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Zionism’s new global mission

A young Shalom Corps volunteer from Mexico embodies today’s paradigm shift: Jews can now look beyond survival and invest energy in elevating the entire world

Gabriela Sztrigler Lew, a humanitarian worker from Mexico who volunteers with Shalom Cops, an organization established by the Ministry of Diaspora Affairs and the Jewish Agency, lights a torch at Israel’s 73rd Independence Day Torch-Lighting Ceremony, April 14 2021. (Screen grab)
Gabriela Sztrigler Lew, a humanitarian worker from Mexico who volunteers with Shalom Cops, an organization established by the Ministry of Diaspora Affairs and the Jewish Agency, lights a torch at Israel’s 73rd Independence Day Torch-Lighting Ceremony, April 14 2021. (Screen grab)

Le-tiferet Medinat Israel” — For the glory of the State of Israel — Gabriela Sztrigler Lew of Mexico City proudly declared, lighting one of the 12 torches at Wednesday night’s Independence Day Ceremony on Mount Herzl, as a representative of World Jewry.

Standing alongside 11 other honorees representing the 12 tribes of the Jewish people and the best that Israel has to offer, Lew embodied a deep sense of global Jewish unity and purpose.

Lew was honored for her work as a humanitarian volunteer through Shalom Corps, the “Jewish Peace Corps.” Lew began volunteering at a young age within her local Jewish community in Mexico, and, at 18, came to Israel, where she completed a search and rescue course. Empowered with a new set of skills, she continued this work upon her return to Mexico. In November 2020, when Hurricane Iota ripped through Central America, leaving entire communities in complete devastation, Lew, along with other Jewish volunteers and an Israel mission, flew to Honduras where they played a pivotal role in relief efforts.

Indeed, while Lew’s individual service is noteworthy, she is one of many young Jews volunteering today through Shalom Corps, a shared initiative run by the Ministry of Diaspora Affairs, Mosaic United and the Jewish Agency for Israel. The organization is a global volunteer movement dedicated to meaningful service and social responsibility, as an expression of Jewish values and love of humanity.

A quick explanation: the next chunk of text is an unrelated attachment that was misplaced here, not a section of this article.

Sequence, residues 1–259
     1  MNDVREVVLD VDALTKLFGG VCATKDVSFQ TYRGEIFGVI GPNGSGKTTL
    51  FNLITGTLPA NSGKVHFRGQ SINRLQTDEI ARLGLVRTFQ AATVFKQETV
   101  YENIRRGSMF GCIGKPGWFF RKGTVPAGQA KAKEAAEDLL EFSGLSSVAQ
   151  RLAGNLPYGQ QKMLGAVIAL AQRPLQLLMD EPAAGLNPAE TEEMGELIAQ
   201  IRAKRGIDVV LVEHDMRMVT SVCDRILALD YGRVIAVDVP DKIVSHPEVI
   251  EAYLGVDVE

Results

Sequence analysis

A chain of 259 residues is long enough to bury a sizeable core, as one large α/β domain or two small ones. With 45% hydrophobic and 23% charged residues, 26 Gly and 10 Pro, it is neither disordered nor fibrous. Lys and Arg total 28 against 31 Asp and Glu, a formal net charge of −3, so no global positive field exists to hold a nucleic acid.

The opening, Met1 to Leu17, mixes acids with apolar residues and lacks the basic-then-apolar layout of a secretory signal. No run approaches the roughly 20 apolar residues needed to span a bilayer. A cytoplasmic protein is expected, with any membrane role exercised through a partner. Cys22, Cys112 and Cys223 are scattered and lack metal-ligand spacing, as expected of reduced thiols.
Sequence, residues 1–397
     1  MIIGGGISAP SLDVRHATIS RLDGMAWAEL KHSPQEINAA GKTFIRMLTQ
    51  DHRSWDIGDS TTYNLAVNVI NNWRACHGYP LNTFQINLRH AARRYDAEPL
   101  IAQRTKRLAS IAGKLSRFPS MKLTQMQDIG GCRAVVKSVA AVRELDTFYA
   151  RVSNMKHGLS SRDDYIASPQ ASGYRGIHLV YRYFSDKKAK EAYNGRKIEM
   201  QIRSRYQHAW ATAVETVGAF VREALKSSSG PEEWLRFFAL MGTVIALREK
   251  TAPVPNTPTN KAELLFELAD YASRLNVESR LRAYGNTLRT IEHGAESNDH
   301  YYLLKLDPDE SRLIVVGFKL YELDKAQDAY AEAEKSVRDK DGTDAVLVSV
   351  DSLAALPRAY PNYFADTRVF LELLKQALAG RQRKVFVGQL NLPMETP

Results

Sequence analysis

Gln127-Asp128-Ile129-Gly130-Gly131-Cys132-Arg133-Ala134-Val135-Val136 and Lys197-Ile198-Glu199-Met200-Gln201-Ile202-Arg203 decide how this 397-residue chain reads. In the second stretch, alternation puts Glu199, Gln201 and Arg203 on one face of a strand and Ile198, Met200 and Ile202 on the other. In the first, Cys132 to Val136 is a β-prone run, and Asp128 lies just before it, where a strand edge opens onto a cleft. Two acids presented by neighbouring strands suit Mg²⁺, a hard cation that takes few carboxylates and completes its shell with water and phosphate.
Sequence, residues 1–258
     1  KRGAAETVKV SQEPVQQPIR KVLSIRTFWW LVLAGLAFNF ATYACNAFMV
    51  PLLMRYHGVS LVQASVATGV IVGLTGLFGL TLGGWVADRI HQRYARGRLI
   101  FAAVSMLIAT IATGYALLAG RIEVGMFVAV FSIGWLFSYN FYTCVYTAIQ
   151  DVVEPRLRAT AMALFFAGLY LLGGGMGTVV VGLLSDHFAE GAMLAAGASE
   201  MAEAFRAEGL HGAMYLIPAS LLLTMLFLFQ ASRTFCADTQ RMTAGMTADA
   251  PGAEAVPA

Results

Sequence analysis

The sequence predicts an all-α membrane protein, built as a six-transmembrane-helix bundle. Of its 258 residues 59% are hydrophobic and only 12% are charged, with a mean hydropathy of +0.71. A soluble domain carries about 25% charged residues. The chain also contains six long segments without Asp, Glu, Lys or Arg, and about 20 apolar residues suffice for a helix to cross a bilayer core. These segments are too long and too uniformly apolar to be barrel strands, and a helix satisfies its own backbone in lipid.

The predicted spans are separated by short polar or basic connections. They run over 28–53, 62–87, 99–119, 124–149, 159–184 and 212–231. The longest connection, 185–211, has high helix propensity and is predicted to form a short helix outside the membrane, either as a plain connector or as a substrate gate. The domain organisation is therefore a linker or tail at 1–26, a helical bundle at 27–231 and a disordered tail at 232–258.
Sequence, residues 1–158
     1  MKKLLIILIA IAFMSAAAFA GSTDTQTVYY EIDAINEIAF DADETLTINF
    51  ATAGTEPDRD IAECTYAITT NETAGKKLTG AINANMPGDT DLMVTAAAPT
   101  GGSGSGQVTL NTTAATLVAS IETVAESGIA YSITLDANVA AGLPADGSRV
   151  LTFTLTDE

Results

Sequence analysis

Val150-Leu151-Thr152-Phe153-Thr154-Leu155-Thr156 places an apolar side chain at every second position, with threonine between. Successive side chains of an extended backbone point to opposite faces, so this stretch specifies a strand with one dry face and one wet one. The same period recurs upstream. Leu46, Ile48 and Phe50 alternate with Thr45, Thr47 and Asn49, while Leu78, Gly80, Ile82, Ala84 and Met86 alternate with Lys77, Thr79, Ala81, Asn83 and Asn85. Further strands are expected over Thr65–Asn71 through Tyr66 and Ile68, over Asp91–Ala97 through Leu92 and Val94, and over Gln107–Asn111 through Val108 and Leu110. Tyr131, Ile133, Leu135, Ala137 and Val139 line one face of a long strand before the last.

Rooted in Tikkun Olam — repairing the world — this initiative activates Jewish youth around a shared sense of responsibility and desire to make the world a better place. Missions are held within local communities worldwide in response to various humanitarian crises. Last year, local missions were conducted in communities across the globe — from Belarus to Guatemala to Toronto.

Next year, as travel resumes, Shalom Corps will launch global missions bringing Jewish volunteers from different communities together for an experience that strengthens an individual’s Jewish identity and connection, while empowering the communities in which they are based.

Shalom Corps represents a much larger paradigm shift taking place within the Jewish World. Until today, fulfilling the promises of a Jewish state and the safety of the Jewish people have been the primary concerns of global Jewry. Today, we have the great privilege to look beyond our physical and spiritual survival, and together invest our energy to elevate the entire world.

The secret to the Jewish people’s survival and beyond is the fulfillment of this noble mission. Executing it requires us to build our people not only around a common history, text, and tradition but around the promised future that we are individually and collectively tasked to bring about.

As our people evolve, the frameworks put forth by Jewish leaders and institutions must evolve too, to meet current interests and needs. This is the only way in which to maintain and grow the rich tapestry that binds the Jewish people both today and in future generations.

Shalom Corps, then, champions the notion that our Jewish uniqueness and our position as citizens within a globalized world ought not conflict with the other. It understands that our Jewish vitality is intrinsically linked with the well-being and prosperity of our entire world. Ultimately, by embracing this mindset, we will be able to fulfill our common destiny as a united Jewish people.

Just as Lew’s torch lit up Mount Herzl, we too can light up our shared world.

As she said, “If a lot of individuals get together, they can make a big change. Tikkun Olam — to make great change in our world — this is the new Zionism.”

Isaac Herzog is Chairman of the Executive of The Jewish Agency for Israel, Omer Yankelovitch is the Minister of Diaspora Affairs.

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